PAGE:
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Fischli and Weiss

Among the many events that were canceled last week due to the snowstorm was a conversation with Peter Fischli in conjunction with the newly opened and excellently titled exhibition Peter Fischli David Weiss: Questions, Sausage Photographs, and a Quiet Afternoon. The exhibition is the duo's first solo presentation in Chicago in over 20 years and showcases the artists' trademark wit, constant exploration into the uses of everyday objects, and lack of pretension.

The show presents two photographic series—The Sausage Photographs (1979) and A Quiet Afternoon (1984–86)— from early in the artists' collaborative career. The Sausage Photographs position encased meat as the protagonist in a variety of scenes including a fashion show (see above), a car crash, and a shopping expedition to a carpet store. These imaginative tableaux take objects that could be found in and around any refrigerator and re-imagine them as disasters and/or mundane activities. Similarly, photographs from A Quiet Afternoon utilize everyday materials (a wine bottle, a chair, a boot), but balance them precariously on each other...something one might do during a quiet afternoon.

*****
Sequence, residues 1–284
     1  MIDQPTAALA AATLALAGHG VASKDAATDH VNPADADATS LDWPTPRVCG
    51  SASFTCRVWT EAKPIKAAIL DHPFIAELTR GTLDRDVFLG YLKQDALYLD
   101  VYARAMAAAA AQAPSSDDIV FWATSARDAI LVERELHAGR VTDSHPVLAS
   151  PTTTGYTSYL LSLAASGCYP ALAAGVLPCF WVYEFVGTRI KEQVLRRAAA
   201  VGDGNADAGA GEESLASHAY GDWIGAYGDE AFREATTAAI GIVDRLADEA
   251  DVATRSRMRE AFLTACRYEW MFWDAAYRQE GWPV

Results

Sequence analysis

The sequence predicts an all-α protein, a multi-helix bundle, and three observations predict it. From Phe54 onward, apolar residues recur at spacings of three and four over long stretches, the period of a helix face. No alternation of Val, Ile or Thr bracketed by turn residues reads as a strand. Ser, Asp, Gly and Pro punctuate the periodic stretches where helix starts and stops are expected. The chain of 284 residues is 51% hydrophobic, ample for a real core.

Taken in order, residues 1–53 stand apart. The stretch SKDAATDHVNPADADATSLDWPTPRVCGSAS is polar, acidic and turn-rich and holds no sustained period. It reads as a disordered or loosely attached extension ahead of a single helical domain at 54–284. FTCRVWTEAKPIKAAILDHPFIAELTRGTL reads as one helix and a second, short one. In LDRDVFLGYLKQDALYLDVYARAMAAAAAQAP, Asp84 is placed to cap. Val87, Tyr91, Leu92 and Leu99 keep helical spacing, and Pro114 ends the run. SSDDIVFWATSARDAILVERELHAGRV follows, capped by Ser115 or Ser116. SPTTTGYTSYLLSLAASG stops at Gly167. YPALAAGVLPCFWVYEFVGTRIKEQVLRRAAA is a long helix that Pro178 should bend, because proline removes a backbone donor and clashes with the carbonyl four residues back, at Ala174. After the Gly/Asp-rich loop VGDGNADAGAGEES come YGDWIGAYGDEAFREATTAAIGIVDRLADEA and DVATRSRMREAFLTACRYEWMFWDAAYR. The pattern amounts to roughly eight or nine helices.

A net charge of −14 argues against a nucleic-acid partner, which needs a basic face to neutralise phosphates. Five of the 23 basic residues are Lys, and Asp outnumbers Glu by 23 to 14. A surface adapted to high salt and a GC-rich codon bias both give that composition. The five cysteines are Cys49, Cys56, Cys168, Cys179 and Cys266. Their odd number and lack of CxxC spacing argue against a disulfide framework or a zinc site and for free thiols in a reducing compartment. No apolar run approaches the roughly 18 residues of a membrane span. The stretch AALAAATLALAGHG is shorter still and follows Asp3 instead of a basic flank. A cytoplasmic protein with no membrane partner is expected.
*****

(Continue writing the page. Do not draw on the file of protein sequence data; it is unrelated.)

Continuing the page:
The exhibition also includes Questions (1981, 2002–03), a 15-channel slide installation that confronts the viewer with questions in four languages (English, German, Italian, and Japanese) that range from profound to absurd. In just a few minutes in the gallery, I came across questions like "What does my dog think?" and "Am I musically homeless?" and "Is seven a lot?" and "Does being tired help to understand secret messages?" The final question actually might explain quite a bit as the artists were thinking of questions that might run through a person's head as they were trying to fall asleep.

Peter Fischli David Weiss: Questions, Sausage Photographs, and a Quiet Afternoon will be up through April 17.